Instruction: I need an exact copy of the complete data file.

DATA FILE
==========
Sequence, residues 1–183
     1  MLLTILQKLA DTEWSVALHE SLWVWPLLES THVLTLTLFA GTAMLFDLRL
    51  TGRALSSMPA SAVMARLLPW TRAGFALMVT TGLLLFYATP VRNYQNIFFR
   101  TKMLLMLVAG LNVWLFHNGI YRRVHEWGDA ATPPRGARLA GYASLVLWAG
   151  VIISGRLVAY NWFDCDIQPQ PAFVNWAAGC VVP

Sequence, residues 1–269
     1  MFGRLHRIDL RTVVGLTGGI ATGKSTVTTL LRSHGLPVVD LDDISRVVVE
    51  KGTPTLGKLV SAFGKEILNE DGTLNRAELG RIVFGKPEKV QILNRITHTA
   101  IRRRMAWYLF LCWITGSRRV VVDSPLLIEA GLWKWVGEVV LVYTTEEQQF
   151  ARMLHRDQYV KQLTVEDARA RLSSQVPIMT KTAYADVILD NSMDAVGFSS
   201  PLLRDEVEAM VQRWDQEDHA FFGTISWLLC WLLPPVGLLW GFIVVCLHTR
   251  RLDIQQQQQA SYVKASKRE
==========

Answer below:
Sequence, residues 1–183
     1  MLLTILQKLA DTEWSVALHE SLWVWPLLES THVLTLTLFA GTAMLFDLRL
    51  TGRALSSMPA SAVMARLLPW TRAGFALMVT TGLLLFYATP VRNYQNIFFR
   101  TKMLLMLVAG LNVWLFHNGI YRRVHEWGDA ATPPRGARLA GYASLVLWAG
   151  VIISGRLVAY NWFDCDIQPQ PAFVNWAAGC VVP

Sequence, residues 1–269
     1  MFGRLHRIDL RTVVGLTGGI ATGKSTVTTL LRSHGLPVVD LDDISRVVVE
    51  KGTPTLGKLV SAFGKEILNE DGTLNRAELG RIVFGKPEKV QILNRITHTA
   101  IRRRMAWYLF LCWITGSRRV VVDSPLLIEA GLWKWVGEVV LVYTTEEQQF
   151  ARMLHRDQYV KQLTVEDARA RLSSQVPIMT KTAYADVILD NSMDAVGFSS
   201  PLLRDEVEAM VQRWDQEDHA FFGTISWLLC WLLPPVGLLW GFIVVCLHTR
   251  RLDIQQQQQA SYVKASKRE